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AES Assembles Experts for Live Sound Track

AES Assembles Experts for Live Sound Track

133rd AES Convention co-chairs Jim McTigue and Valerie Tyler have assembled a cadre of ‘pros, pros’ for the Live Sound Track.

Walters-Storyk Design Group, designers of 54 BELOW, will address effective solutions for eliminating noise leakage out of and into the venue, innovative acoustic treatments, and room tuning.
“Our Road Warriors and high-tech savants represent the ultimate combination of hands-on expertise and theoretical achievement,” McTigue said. “We’ve reached out to experts from every corner of the Live Sound Universe; from FOH wizards to small (and large) venue acoustic specialists; educators and, women in live sound. This program is designed to encapsulate Live Sound’s ever-widening reach into revitalized and unanticipated quarters.”

AES Convention Live Sound Highlights Include:

The Women of Professional Concert Sound: Chair, Terri Winston, Women’s Audio Mission; FOH Engineer Panelists: Claudia Engelhart, (Bill Frisell, Herbie Hancock, Wayne Shorter); Deanne Franklin, (Tom Waits, David Byrne, Pink); Michelle Sabolchick Pettinato, (Gwen Stefani, Jewel, Melissa Etheridge): Drawing from their experience running sound in major venues around the world, these distaff engineers will share their tips and tricks; explore an ‘average’ day on a world tour; describe tweaking the acoustics of dissimilar venues; and offer insights into managing a life of constant touring.

Acoustics For Small Live Sound Venues – Creating (and Fine-Tuning) The Consummate Performing/Listening Environment: Chair John Storyk, Walters-Storyk Design Group; Panelist, David Kotch, independent project engineer. Architects, acousticians and designers of significant small (and large) contemporary live performance venues, WSDG credits include NY’s Le Poisson Rouge, Dizzy’s Club Coca Cola (Jazz At Lincoln Center), the Rockwood Music Hall, 54 BELOW and most recently The Fenix Club, opening this month in San Rafael. This Workshop will address effective solutions for eliminating noise leakage out of and into the venue, innovative acoustic treatments, room tuning and realistic programs for accessing club site selection.

Live Sound Engineering – The Juxtaposition of Art and Science: Chair, Chuck Knowledge, Chucknology, SF: The technical foundations of audio engineering are no longer enough to deliver the experiences demanded by concertgoers. This session presents an examination of the disciplines required for modern live event production. In addition to practical engineering challenges and considerations for the artist’s desire to push the technological envelope, issues to be covered include: Transplanting studio production to the live arena; Computer-based solutions and infrastructure requirements; The symbiosis between lighting and video. And, new career paths.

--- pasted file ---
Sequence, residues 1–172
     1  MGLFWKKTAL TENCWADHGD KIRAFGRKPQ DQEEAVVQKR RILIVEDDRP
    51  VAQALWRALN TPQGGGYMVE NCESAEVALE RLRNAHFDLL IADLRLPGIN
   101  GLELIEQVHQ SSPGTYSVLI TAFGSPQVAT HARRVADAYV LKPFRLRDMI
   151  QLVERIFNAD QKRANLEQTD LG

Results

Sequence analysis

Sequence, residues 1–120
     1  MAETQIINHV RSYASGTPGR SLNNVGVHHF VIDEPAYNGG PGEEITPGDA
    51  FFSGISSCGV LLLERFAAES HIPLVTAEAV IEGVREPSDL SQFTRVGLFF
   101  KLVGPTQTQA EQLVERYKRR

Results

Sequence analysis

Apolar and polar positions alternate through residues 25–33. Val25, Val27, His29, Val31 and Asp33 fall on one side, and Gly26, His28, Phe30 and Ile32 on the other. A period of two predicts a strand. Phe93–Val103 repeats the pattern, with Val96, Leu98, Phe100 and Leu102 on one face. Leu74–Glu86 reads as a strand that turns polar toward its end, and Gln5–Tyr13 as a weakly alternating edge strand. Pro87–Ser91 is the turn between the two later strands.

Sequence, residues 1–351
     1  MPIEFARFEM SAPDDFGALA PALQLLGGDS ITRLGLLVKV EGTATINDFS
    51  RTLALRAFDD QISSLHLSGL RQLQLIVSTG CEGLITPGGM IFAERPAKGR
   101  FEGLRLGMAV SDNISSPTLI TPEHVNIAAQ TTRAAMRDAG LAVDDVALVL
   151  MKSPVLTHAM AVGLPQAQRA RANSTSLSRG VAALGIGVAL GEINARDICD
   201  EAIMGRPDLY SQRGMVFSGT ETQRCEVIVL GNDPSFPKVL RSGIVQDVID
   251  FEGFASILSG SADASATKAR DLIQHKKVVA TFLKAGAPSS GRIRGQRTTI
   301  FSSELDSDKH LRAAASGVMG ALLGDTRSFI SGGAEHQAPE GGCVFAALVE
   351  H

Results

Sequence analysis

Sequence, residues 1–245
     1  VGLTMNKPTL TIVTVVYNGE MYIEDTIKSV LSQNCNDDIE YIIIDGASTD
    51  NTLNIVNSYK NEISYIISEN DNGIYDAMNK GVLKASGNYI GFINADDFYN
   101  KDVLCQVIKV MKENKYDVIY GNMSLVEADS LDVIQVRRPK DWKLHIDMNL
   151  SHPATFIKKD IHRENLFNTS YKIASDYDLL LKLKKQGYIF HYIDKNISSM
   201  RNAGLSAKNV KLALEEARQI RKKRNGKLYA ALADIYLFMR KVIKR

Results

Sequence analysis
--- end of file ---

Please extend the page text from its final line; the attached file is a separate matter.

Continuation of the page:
Tuning a Loudspeaker Installation: Chair, Jamie Anderson, Rational Acoustics – Panel TBA: Loudspeaker systems are designed to achieve functional and aesthetic goals. Tuning those systems is the final step in achieving those aims. Beyond EQ/DSP tweaking, system alignment encompasses critical decisions made throughout the design, installation, drive adjustment and application processes. This panel will discuss their procedures, priorities and, the critical elements that make their alignment goals achievable.

Planning a Live Sound Education – Should I Study The Theory, or Practice The Skills? Chair, Ted Leamy, Promedia-Ultrasound: Panelists, Kevin W. Becka, Conservatory of Recording Arts and Sciences/Mix Magazine; Michael Jackson, Independent Live Sound Engineer; David Scheirman, Harman Professional: Acquiring the right education for a career in live audio is a challenging proposition. Which is better, a formal education or hitting the road and earning while you learn? Education options being marketed today are overwhelming. School programs, manufacturer training, product user certifications… These industry veterans will launch a lively investigation of the alternatives for acquiring wisdom and chops.

Live Sound For Corporate Events: It’s Business Time: Chair, Michael (Bink) Knowles; Panelist Steve Ratcliff – Two leading independent engineers will discuss the level of perfection required by corporate events in an environment where video screens and lighting plots often take precedence over loudspeaker placement. Related onsite events creating feedback challenges can complicate signal flow and mixing. Mixing, routing and arraying strategies will be addressed.

Audio DSP In Unreal-Time, Real-Time and Live Settings: Chair, Robert Bristow-Johnson, audioImagination; Panelist, Kevin Gross, AVA Networks – There are two primary audio DSP problem areas: The Algorithm - What the sound and math needs to accomplish; and, Housekeeping - the “guzzintas,” “guzzoutas” and related overhead. Other key issues include the variable aspects of audio processing. This presentation will provide a realistic definition of “real-time,” and explore common and ‘innovative’ tricks for getting ‘non-real-time’ algorithms to act in a real time context.

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